Ok, for those who haven’t yet seen the movie, shoo off!! Spoiler Alert!! DO NOT READ THE ‘Now The Review’ SECTION OF THIS POST! I’m gonna spoil the whole make for you if you read it before seeing the work. If you want to know whether you should spend on tickets and popcorn or just wait for the DVD, I’d say if you like good story telling with interesting devices, go for it. If you’re looking for item numbers and ‘entertainment’, stay off. This film wasn’t made for general audiences and titillation; only those who enjoy experimental cinema. This is a work of art.
Setting the Scene:
Before I go on to the review, I must share with you some things. My experience of a film is always comparative; with how the trailer and publicity affected my experience along with how other movies I’ve recently watched increased or decreased my joy of this one. I am not a film critic; don’t expect me to give you blow-by-blow account of what camera angle was good and what sound track jarred. I am a young professional who likes to make time to visit the theaters with expectations. What I write here is nothing but what I feel has happened to those expectations.
In this case, the background is a little depressed and dejected me, testing the betraying waters of Bollywood again after being stung twice; once, by the idiocracy of Tees Maar Khan and the second by the mediocrity of No One Killed Jessica. As a viewer with some IQ, in the aftermath of the humiliation I faced at the hands of TMK and the abject disappointment at the hands of NOKJ, Dhobi Ghat came as a fountain of youth to the dying. It has reinstalled my hope in the fact that the industry still has some profound and deep work to offer. Some real results of all round good film making on the screen. Not just a bunch of SMS jokes strung together to make catchy dialogs or half naked stick figures crossing the screens in soft-pornish ‘dance’ steps or cleverly cut trailers eluding me into believing that the film actually has a substantial story and good execution.
About TMK, I don’t blame them. They didn’t show me a trailer of an intelligent make. They said it was a brainless, ‘fun’ make. I just underestimated how brainless it could be.
About “No One Killed Jessica”, I had put it on a pedestal after that brilliant trailer and all that publicity; I wanted to kill myself for having held hopes. The movie disappointed me so much that I am still not over it. It was like a personal jibe.
Now the Review:
Afteh this hurt, when The Dhobi Ghat trailer aired, I viewed with a stung eye. I took the bait and went for it, trusting the ‘a’ of Aamir Kahn Productions. It told me that it has a bunch of stories to tell me. It did just that. Not an ounce more or less. Even the posters are pretty sober colored things indicating a sort of make that could easily blend into the regular background of the lives of people, yet constantly making it’s presence felt… I am not feeling short changed. After “No One Killed Jessica” it is like finding an understanding hug after a messy, bad break up.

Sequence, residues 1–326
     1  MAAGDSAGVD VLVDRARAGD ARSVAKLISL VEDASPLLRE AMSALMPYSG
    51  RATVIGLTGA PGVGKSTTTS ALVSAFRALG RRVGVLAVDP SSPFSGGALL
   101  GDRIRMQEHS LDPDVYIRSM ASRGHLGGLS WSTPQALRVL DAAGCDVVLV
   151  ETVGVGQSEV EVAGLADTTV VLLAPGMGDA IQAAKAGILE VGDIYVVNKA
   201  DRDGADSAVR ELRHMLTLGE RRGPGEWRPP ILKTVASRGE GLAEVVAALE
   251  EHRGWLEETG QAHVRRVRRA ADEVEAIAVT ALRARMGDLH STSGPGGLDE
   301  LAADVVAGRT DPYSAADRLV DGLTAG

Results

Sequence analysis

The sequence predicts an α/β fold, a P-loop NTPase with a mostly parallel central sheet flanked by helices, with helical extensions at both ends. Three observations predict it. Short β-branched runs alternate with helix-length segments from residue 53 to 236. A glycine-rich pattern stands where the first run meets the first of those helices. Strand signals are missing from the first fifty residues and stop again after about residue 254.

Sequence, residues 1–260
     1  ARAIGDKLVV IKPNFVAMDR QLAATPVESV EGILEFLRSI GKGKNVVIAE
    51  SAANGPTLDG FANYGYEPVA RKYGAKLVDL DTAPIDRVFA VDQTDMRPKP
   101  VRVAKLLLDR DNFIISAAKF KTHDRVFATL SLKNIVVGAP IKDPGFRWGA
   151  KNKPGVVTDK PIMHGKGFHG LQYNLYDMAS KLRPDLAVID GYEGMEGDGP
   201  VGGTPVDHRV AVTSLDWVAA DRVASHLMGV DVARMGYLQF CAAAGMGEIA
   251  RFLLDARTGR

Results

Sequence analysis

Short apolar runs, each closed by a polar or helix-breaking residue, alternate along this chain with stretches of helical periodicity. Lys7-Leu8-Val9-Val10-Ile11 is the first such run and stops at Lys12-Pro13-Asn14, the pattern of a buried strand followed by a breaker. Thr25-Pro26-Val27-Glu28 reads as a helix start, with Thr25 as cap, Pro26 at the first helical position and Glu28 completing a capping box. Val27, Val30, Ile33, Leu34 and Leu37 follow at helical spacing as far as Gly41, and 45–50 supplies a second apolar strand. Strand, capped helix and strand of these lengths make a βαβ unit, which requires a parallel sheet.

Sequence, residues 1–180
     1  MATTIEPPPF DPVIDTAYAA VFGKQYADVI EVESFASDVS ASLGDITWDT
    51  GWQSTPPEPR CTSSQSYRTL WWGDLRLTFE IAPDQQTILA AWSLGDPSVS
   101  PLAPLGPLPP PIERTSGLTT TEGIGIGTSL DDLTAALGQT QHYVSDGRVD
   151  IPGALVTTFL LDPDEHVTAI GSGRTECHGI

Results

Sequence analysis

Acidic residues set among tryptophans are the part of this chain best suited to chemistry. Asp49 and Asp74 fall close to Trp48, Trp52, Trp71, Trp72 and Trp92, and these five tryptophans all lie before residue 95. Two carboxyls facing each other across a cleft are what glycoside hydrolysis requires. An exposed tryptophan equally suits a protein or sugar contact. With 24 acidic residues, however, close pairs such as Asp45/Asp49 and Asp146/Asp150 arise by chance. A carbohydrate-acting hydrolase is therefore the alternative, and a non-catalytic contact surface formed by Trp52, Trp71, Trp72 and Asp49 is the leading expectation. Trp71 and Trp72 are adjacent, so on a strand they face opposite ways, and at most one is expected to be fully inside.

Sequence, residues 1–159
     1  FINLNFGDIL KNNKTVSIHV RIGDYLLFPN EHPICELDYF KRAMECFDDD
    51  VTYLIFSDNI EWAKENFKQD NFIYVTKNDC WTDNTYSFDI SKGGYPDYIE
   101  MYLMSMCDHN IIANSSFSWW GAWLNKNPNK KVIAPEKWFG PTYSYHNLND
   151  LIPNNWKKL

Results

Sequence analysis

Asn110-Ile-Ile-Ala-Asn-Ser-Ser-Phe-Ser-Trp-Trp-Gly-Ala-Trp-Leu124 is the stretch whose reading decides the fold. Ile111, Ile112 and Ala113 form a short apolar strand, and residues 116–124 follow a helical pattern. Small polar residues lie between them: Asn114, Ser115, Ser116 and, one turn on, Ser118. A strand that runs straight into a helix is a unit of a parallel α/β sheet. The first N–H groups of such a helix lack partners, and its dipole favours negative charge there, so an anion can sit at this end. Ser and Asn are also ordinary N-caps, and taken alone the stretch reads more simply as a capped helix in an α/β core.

First: I take my hat off to Kiran Rao. Woman, if that was a sample of what you write, and how you direct, I am buying tickets for all your future makes! (I only hope that you don’t let me down.)
The make was so well made, layered and nuanced and so completely filled with the essence of ‘Mumbai’ that I was totally expecting a stench of fish when I saw the fish market and a breeze in my hair when I saw the beach. There are several things that worked for me in the film. I’ll try to do them justice by explaining a little:
1. The Four Stories: Obviously forming the backbone of the movie, the stories of Arun, Shai, Munna and Yasmin were arrestingly interesting yet not unidentifiable. They were beautiful stories of what happens to different people in this city. I loved Arun’s artistic streak coupled with his commitment phobia and obvious emotional baggage. It was beautiful how a loner like him connected with that woman on tape. Shai’s character was openly lovable; what with her friendship and effect on Munna. Munna too was one of the most endearing male characters I’ve seen on screen. Obviously an underdog, one’s heart goes out to him. The effect Shai has on him elicited a fair few smiles, laughs and awww’s from the audience. Yasmin was my personal favorite; the new comer to the city, her take on things and the unique observations that only an outsider can have about the various facets of Mumbai. The shock of her ‘teesri chitthi’ is still with me.
2. The Links: I absolutely LOVED the way the stories were linked! For all practical purposes, Yasmin might have lived in that flat over a year or two ago. Yet, she reached across the time and space and touched Arun through her tapes. Her death might have happened a long time ago, but the shock of it hit Arun when he saw her tape. For him, she’d just died. Arun and Shai sharing the same Dhobi, (Munna), Pesi depending on Munna’s brother for his dope, were some interesting yet done-before sort of overlapping of connections but I guess the best one was of people Yasmin filmed and Arun later saw for himself; the next door neighbor, the family in the next building etc.
3. The Narrative Devices: I think writers and directors have forgotten that you can play with narrative devices. The two cameras in this movie, Yasmin’s and Shai’s were beautiful examples. Yasmin’s tapes were like going through someone’s diary. Shai’s pictures were the windows into the little flats in that structure called ‘Mumbai’. They kept the parallel stories running and weaving in and out of each other in an effortless yet elegant manner.
All in all, as a film making project, I’d give it all stars for writing, execution, the works! I loved it! But I’d use the caution button for the general audiences; everyone might nor like this movie. This one wasn’t made with the intentions of bagging awards. It was an idea in the writer’s head and her earnest effort to put on screen.